Student Travel Abroad Interest Group

  • Mark Newell (Australia), Chair
  • Sarah Kohl (United States of America), Immediate Past Chair
  • Jorge Baruch Diaz Ramirez (Mexico)
  • Catherine Ebelke (United States of America)
  • Marie Plisson-Saune (France)
  • Julie Richards (United States of America)
  • Gail Rosselot (United States of America)
  • Dawd Siraj (United States of America)

***Zika has dominated the news for the last few weeks. Despite all the clinical guidelines published, we did not find any advice for practitioners taking care of students. Additionally those seeing students are finding that they are not particularly concerned about Zika infection despite the potential for an adverse outcome.

We put together a quick guideline for you to use as you counsel students traveling to and from areas of ZIka infection. We hope you find it helpful.

Your comments and suggestions are welcome.

Sarah Kohl, Catherine Ebelke, Gail Rosselot, Anjali Silva, Mark Newell, Marie Crozier, Julie Richards.

 

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Student Travel Abroad

Students who travel for education, community service, pleasure or employment are a rapidly expanding population for travel medicine providers. Historically this population has been comprised of younger adults, but now we see ever increasing numbers of students of every age traveling internationally. Medical students in their 30s going to Asia, second career nursing students in their late 40s volunteering in Central America, Fulbright scholars in their late 20s heading to Africa, pre-teens attending camps in South America, as well as retirees signing on to lifelong learning programs on every continent. Increasingly, institutions of higher learning are requiring students to spend at least some of their time studying abroad. At the same time, younger students are spending summers engaged in international, rather than domestic enrichment programs.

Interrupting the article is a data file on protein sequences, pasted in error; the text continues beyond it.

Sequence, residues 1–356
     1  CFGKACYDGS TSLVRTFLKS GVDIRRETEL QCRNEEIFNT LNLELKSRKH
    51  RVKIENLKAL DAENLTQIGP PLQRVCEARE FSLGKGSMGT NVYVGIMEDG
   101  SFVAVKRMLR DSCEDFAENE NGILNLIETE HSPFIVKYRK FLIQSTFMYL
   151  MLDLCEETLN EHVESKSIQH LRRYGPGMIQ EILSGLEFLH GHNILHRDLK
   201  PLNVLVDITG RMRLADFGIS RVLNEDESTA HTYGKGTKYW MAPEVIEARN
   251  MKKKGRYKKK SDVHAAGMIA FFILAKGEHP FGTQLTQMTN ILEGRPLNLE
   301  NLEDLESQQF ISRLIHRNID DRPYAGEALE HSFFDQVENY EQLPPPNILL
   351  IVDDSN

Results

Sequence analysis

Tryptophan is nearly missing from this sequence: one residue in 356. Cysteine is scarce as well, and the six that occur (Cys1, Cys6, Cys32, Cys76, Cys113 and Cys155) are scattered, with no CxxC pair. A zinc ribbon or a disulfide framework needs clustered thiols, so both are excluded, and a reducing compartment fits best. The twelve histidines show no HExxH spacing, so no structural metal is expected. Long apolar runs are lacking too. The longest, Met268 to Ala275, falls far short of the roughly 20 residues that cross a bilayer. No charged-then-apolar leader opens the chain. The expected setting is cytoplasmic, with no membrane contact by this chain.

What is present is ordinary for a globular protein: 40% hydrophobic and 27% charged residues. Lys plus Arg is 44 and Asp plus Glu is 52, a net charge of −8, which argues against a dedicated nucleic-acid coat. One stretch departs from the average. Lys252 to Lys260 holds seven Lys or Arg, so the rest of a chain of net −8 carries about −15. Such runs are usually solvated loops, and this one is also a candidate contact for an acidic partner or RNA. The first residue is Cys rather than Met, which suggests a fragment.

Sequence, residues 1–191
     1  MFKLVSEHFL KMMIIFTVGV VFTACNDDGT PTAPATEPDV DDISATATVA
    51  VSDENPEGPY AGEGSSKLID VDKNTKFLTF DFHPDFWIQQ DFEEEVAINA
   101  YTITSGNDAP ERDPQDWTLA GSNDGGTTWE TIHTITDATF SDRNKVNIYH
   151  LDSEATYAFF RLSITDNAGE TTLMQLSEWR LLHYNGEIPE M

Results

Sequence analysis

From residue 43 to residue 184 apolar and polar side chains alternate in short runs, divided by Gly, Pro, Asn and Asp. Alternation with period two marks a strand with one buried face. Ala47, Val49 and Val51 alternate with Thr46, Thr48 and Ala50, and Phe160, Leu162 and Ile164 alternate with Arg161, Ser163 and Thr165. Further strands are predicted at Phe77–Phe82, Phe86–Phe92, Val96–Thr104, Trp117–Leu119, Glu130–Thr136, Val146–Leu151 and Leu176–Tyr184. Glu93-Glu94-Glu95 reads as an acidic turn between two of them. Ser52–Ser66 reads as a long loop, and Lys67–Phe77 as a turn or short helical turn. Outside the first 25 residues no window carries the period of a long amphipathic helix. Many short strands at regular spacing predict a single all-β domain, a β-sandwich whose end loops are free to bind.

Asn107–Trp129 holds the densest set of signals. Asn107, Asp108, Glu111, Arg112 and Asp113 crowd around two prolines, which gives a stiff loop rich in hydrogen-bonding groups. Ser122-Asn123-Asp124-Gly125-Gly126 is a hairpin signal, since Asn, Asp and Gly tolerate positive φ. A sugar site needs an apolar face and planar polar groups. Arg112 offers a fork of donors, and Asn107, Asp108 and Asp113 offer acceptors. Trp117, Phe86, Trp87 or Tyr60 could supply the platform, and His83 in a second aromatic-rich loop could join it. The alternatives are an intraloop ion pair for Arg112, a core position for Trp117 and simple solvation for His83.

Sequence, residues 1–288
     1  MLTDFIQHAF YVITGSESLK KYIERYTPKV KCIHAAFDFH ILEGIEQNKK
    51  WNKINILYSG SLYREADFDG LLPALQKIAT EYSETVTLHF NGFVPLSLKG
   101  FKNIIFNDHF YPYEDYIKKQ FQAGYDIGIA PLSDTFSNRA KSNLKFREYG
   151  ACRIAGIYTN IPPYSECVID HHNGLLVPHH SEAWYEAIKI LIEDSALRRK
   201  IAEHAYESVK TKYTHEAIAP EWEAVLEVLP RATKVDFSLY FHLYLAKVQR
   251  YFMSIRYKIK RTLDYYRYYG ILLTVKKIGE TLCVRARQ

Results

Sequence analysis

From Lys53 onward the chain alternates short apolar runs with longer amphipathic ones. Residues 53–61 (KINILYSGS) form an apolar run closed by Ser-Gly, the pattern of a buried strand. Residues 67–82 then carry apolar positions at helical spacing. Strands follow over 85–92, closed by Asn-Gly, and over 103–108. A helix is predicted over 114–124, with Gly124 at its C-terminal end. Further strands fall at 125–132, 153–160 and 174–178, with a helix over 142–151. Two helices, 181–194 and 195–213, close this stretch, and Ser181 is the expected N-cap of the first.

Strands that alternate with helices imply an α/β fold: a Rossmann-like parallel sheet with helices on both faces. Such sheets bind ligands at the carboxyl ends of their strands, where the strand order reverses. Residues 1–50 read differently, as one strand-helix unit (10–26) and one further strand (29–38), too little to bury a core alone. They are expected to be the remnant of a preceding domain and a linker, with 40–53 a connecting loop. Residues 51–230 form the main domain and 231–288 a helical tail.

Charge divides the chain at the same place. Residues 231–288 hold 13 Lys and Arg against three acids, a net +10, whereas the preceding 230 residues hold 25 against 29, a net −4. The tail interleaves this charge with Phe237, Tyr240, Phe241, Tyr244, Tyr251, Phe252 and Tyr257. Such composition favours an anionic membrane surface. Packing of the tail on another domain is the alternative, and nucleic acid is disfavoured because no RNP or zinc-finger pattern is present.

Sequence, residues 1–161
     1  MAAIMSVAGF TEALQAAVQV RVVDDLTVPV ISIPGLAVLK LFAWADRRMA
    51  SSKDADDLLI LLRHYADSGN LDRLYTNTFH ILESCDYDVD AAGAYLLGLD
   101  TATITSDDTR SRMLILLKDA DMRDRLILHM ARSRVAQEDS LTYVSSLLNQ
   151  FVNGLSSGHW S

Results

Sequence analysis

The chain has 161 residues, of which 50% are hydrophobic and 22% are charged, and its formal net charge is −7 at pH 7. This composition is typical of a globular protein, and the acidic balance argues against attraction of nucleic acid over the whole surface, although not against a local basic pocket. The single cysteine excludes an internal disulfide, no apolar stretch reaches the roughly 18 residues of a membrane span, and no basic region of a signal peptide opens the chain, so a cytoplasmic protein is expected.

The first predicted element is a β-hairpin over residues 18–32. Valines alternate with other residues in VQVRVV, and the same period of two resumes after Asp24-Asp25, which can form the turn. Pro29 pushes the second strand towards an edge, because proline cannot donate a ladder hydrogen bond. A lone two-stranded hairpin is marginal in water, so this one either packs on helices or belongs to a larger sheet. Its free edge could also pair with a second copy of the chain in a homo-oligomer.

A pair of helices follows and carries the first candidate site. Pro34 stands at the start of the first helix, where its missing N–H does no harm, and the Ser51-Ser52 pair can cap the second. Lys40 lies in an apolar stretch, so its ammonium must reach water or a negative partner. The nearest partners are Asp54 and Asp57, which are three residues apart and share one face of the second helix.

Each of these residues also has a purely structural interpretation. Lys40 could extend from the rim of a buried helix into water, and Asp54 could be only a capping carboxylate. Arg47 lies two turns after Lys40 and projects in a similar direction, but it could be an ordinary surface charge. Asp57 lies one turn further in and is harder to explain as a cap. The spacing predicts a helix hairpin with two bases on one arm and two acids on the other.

Student travelers are more broadly defined than ever before and physicians, Physician Assistants, nurses, and pharmacists care for these travelers in a variety of settings for pre- and post-travel. Program organizers, teachers, and tour operators also have a strong interest in the travel health needs of this population. This group invites ISTM members who have an interest in student travel to join and help us identify priorities and activities. We welcome all health professionals into this multi-disciplinary special interest group as well as those with qualifications or special experience in student health.


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The Student Travel Abroad Interest Group Charter

  • Raise awareness among those who care for student travelers of the unique issues that impact this group
  • Develop evidence based good practice in the care of students who travel before, during, and after travel, and help develop tools to reduce student travel risk
  • Promote research by describing the unique needs of the student traveler
  • Promote educational and research initiatives to improve the health of student travelers
  • Work closely with other ISTM Committees and Professional and Interest groups to promote the health of student